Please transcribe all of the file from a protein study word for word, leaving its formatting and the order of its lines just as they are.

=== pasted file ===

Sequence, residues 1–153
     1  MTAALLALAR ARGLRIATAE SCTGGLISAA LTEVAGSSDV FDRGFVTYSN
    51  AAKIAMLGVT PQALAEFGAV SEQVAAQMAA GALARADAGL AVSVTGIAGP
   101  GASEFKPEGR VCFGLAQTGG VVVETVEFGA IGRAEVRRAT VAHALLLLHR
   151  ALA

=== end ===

Sequence, residues 1–153
     1  MTAALLALAR ARGLRIATAE SCTGGLISAA LTEVAGSSDV FDRGFVTYSN
    51  AAKIAMLGVT PQALAEFGAV SEQVAAQMAA GALARADAGL AVSVTGIAGP
   101  GASEFKPEGR VCFGLAQTGG VVVETVEFGA IGRAEVRRAT VAHALLLLHR
   151  ALA